Friday, October 20, 2023

Book Stack ~ September 2023

 A monthly post about what I've been reading.

I started the month with a week away at an artist residency, and I read so many books while I was there.


My big goal for the residency was to figure out if I still have the interest and motivation to work on a project that I've been thinking about and nibbling at over the course of nearly two decades, which is to put together a compilation of writing and biographies of women who write/wrote about motherhood and nature. So several of these were books I'd collected over the years in hopes of finding writing that would be applicable to this project and either hadn't read, hadn't finished reading, or had read in a different context. These were:

Linea Nigra by Jazmina Barrera, a diary-style accounting of pregnancy, birth, and breastfeeding, with a lot of literature and art intertwined as well as earthquakes.

My Garden Book by Jamaica Kincaid, a collection of essays about gardening, plants, and colonialism.

Parrot's Wood,= by Erma Fisk, an amusing and grueling account of a month in primitive conditions at a bird refuge in Costa Rica by a retired woman who got involved in ornithology and bird conservation after the untimely death of her husband.

The Curve of Time by M Wylie Blanchet, charming and often harrowing tales of navigating the coast of British Columbia in a small boat with five children after the death of the author's husband.

Shaped by Wind and Water by Anne Haymond Zwinger, reflections on a life of nature writing from a week at an artist residency.

The Natural World of Louise Dickinson Rich, a three-part account of the author's life in three zones of New England: the Piedmont of Massachusetts, the North Woods of Maine, and the coast of Maine.

I also had time for fun reading and kept going on my Mary Stewart streak, with My Brother Michael and Nine Coaches Waiting, both fantastic examples of the romantic suspense genre, as well as The Wind Off The Small Isles, which had a great setup and then sort of fizzled for me. I guess it's good to know that even a supremely talented writer sometimes swings and misses.

When I returned home, I read Rooted 2: The Best New Arboreal Nonfiction, an anthology in which my essay "Faith in a Seed" appears, which was edited by Josh MacIvor Anderson and came out from Outpost19 books this summer.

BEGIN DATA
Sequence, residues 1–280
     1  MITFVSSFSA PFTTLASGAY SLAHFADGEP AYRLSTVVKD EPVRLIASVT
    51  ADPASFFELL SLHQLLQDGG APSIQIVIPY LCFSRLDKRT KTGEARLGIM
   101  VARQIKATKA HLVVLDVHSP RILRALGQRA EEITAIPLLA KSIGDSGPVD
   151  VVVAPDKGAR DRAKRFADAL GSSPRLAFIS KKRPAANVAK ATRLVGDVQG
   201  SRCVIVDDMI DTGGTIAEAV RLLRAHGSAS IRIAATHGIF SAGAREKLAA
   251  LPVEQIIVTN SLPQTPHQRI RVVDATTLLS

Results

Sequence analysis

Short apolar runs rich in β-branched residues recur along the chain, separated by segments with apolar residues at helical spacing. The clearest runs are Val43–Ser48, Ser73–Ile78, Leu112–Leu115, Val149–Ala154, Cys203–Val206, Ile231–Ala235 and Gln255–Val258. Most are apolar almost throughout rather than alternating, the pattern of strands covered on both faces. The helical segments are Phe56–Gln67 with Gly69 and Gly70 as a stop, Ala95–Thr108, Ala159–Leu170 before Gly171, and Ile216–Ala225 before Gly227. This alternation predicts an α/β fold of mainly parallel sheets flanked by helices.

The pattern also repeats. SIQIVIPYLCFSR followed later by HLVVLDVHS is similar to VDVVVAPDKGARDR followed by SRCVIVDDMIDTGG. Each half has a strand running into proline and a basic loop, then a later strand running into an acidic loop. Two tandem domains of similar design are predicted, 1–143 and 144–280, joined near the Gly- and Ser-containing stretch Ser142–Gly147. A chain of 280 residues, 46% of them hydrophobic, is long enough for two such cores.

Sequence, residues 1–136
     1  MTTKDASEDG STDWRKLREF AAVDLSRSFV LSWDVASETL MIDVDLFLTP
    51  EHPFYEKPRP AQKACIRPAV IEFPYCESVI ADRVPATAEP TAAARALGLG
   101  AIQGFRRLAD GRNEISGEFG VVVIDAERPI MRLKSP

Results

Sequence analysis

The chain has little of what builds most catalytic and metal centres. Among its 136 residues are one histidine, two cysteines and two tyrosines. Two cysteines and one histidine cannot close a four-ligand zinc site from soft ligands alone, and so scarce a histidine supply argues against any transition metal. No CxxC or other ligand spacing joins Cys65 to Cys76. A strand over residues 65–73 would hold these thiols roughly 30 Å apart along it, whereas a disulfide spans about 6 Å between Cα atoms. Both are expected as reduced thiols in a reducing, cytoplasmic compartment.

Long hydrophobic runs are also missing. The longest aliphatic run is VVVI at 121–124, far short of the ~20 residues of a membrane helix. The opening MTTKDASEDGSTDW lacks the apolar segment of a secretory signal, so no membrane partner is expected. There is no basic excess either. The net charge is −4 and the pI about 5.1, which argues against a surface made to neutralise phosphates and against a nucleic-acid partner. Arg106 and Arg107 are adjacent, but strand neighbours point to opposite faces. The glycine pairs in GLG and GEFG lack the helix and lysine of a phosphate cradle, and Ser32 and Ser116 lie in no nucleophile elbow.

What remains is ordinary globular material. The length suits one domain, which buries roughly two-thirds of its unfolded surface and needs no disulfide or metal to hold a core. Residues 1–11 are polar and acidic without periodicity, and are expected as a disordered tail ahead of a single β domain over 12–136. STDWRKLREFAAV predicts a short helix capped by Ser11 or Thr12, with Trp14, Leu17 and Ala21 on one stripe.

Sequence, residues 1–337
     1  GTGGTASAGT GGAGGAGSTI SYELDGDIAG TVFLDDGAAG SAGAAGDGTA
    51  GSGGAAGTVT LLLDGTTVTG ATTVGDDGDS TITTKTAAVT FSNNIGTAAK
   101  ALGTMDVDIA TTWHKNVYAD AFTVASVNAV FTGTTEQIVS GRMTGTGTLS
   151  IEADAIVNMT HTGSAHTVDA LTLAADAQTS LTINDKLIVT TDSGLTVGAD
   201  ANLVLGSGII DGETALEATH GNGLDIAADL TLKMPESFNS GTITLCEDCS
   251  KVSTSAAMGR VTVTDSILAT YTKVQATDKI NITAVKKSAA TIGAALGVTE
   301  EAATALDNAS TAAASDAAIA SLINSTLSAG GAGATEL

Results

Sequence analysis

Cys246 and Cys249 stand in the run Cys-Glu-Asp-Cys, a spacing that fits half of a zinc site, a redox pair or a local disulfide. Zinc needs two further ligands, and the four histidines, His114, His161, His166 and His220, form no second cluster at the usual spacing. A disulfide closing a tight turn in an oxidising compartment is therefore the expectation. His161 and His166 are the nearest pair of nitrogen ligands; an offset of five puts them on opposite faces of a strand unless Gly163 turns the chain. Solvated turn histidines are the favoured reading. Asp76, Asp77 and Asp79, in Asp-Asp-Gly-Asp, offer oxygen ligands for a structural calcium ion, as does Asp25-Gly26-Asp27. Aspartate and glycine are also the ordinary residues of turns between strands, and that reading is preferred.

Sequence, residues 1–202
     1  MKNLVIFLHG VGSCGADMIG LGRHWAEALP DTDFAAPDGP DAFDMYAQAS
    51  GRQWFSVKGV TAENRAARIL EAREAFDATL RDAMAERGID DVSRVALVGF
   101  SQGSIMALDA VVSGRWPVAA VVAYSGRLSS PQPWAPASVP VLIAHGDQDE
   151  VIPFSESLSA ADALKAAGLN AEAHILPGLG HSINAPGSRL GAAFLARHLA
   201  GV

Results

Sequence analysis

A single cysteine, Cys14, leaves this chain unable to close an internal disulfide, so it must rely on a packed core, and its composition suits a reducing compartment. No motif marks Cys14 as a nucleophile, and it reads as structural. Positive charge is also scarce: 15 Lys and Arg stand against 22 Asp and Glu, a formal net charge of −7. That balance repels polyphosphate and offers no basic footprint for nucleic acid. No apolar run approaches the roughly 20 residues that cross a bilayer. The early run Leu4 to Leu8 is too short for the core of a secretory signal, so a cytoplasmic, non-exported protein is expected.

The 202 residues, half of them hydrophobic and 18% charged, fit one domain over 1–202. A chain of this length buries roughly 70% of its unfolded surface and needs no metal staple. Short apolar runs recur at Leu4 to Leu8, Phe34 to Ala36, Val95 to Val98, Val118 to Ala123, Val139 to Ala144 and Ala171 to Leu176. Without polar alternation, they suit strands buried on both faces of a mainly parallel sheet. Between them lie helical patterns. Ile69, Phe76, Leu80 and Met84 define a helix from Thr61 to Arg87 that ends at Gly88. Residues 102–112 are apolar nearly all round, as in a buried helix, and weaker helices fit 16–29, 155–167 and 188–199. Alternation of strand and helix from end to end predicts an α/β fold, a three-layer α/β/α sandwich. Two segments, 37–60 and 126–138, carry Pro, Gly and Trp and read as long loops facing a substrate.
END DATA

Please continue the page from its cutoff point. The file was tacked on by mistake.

I admit to not always being a good literary citizen when it comes to reading the words that share pages with mine in an anthology or journal, but I read this book cover-to-cover and it is filled with beautiful and brilliant essays about trees. I would highly recommend it even if I wasn't featured inside.

Finally, in what is becoming a September tradition, I listened to the audiobook of the newest Richard Osman, The Last Devil to Die, and then I re-listened to the earlier volumes and then the new one all over again. I love these books. They're smart and funny and clever. 

But I've had a couple people tell me they couldn't get into them (one as a reader and one as a listener) and that they got confused by the number of different characters and points of view. So, be warned about that. I've also been binge-listening to the Maintenance Phase podcast, which has made me much more aware of and sensitive to anti-fat bias and weight stigma, and so listening this time around, especially to the first book, I felt a little cringey about the way the detective Chris thinks of his own weight and the way his side-kick Donna nudges him toward using the stairs and not eating junk food. So be warned, these books aren't for everyone (then again, what book is?).

Friday, October 13, 2023

A Room of My Own ~ For Reals this Time

Before we built our house, I had a dream of a little room just for me where I could read, write, knit, sew, make art, and do yoga. But we didn't put a room like that into our house, and if we had it would have become a bedroom for one of our kids when we jumped from one two three in one fell swoop.

Over the years, I've tried to carve out a little bit of space for me here and there: a corner of the living room, (which I've frequently reorganized and rededicated to writing and other pursuits, and corners of my bedroom, where I kept my sewing machine and one writing desk or another.

A gallery of these various corners:

Looking at these little writing spaces lined up like this, they seem so sweet and cozy, which they were in their own way (at least when I had them all tidied up and in photo-worthy condition), and they served me well. I wrote my zines and my blog in these spaces, I did my masters degree and my master naturalist program. I wrote my book! (Technically, I wrote my book mostly on the couch, but the desks are necessary for holding all the supplies and materials for the writing.) But there's no denying it was crowded and cluttered, and the more I added to my repertoire--illustrating and researching and juggling multiple projects--the more crowded and cluttered it all got. I never gave up on that dream of a Room of My Own.